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ASTR 3130, Majewski [SPRING 2015]. Lecture Notes

ASTR 3130 (Majewski) Lecture Notes


  • Virtually every astronomical detector makes use of the properties of semiconductors.
  • So-called "elemental semiconductors" from column IVa of the Periodic Table - Silicon and Germanium -- most commonly used.
    • Outermost shell contains 4 electrons, half needed to complete shell.
    • Wants to form covalent bond, sharing one electron with each of four similar atoms in large matrices or lattices.

    • Unlike ionic bonds, where electrons are donated completely, creating attracting ions, e.g., Na+ Cl-
    • In crystal form, column IVa elements form covalent bonded, diamond-like structures. Electrons very strongly held in their bonds.

  • Other elements in the periodic table can be used in semiconductors. Two types:
    • Elemental Semiconductors: From any element in column IVa of the Periodic Table: C, Si, Ge, Sn, and Pb.
    • Compound Semiconductors, usually Diatomic or Triatomic: Elements in columns Ib, IIb, IIIa, Va, VIa, and VIIa of the Periodic Table, especially Ag, Zn, Cd, Hg, Al, Ga, In, P, As, Sb, S, Se, Te, Cl, Br, and I.
    • Compound semiconductors are made from diatomic molecules symmetrically spanning column IVa in the Periodic Table, and acting similarly to collections of group IVa atoms.

      Common examples:

      • AgBr, AgCl - Photographic plates
      • GaAs - Optical phototubes
      • InSb, HgCdTe2 - Infrared detectors


  • Just as electrons in individual atoms can be in the ground state or various excited states, by which transfer between states (energy levels) takes place by emission or absorption of photons of specific energies / frequencies given by E = hf, .....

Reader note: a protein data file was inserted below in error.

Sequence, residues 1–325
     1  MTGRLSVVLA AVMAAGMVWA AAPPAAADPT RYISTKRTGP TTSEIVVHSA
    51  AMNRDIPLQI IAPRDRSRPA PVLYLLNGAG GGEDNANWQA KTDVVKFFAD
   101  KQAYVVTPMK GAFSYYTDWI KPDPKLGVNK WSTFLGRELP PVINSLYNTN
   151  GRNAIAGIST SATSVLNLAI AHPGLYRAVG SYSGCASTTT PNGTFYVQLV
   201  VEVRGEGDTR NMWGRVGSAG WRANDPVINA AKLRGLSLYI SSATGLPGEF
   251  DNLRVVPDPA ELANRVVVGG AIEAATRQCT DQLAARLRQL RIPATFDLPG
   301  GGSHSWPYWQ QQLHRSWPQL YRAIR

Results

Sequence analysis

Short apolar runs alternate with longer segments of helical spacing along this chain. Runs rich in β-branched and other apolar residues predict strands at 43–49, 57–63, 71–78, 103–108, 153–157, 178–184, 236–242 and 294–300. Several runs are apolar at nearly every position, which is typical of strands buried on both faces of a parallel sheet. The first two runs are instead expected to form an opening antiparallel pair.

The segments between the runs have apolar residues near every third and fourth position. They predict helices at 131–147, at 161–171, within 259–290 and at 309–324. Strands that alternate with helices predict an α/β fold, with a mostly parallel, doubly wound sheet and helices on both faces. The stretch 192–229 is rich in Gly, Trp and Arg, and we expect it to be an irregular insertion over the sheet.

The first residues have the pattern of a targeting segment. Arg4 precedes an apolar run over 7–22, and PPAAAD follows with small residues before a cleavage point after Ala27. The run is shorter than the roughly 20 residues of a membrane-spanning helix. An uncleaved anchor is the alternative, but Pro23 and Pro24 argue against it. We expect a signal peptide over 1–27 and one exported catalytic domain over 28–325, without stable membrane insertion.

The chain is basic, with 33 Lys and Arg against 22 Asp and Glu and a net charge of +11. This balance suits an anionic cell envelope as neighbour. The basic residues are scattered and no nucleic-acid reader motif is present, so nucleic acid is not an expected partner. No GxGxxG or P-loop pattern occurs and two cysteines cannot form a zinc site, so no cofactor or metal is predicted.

• EXAMPLE: Distinct, allowed transitions for the hydrogen atom.

      Note that the:

      • Balmer series transitions correspond to photons with wavelengths in the optical region of the spectrum and involving the n = 2 level as the lower level.

      • Lyman series transitions correspond to photons in the ultraviolet region of the spectrum (n = 1).

      • Paschen (n = 3), Brackett (n = 4), and Pfund (n = 5) series transitions correspond to photons in the infrared.

      Hydrogen Series Lower Energy Level of Electron Transition Wavelength of Photon Emitted
      Pfund 5Mid-Infrared
      Humphreys 6Mid-Infrared
      Spectral series of the hydrogen atom shown on a logrithmic scale. The first transition (meaning from between the lowest level of the series and one level up) in each series (called &alpha) is indicated. The thick colored bands correspond to the most extreme transition in each series, from n = ∞ to the lowest level of the series. Note the overlap of the series after the Balmer series. From Wikipedia.

  • ... so too can electrons in a crystal lattice of multiple atoms exchange between ground states in their covalent bonds (energies in valence band) to excited states (energies in a so-called conduction band) via photon emission / absorption.

  • However, in a crystal lattice, the allowed states occupy bands of very closely packed energy levels:

    • valence band = "ground states" that are normally completely filled

    • conduction band = "excited states" that are normally completely unfilled

    • Just as in the hydrogen atom, where the allowed energy levels are quantized and distinct, the energy levels between the bands in a solid (more specifically semiconductors or insulator type solids) are forbidden.

    • Thus, the minimum distance between the allowed states is represented by an energy bandgap, which is the energy between the top of the valence band and the bottom of the conduction band.

    • An electron must absorb (e.g., in the form of photons) at least the bandgap energy in order for an electron in the ground state to become excited to the conduction band.

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Si atoms image from Periodic table image from H atom transitions image from Bands image from LED/band.htm. Diamond structure image from Other material copyright © 2002, 2006, 2008, 2012, 2015 Steven R. Majewski. All rights reserved. These notes are intended for the private, noncommercial use of students enrolled in Astronomy 313 and Astronomy 3130 at the University of Virginia.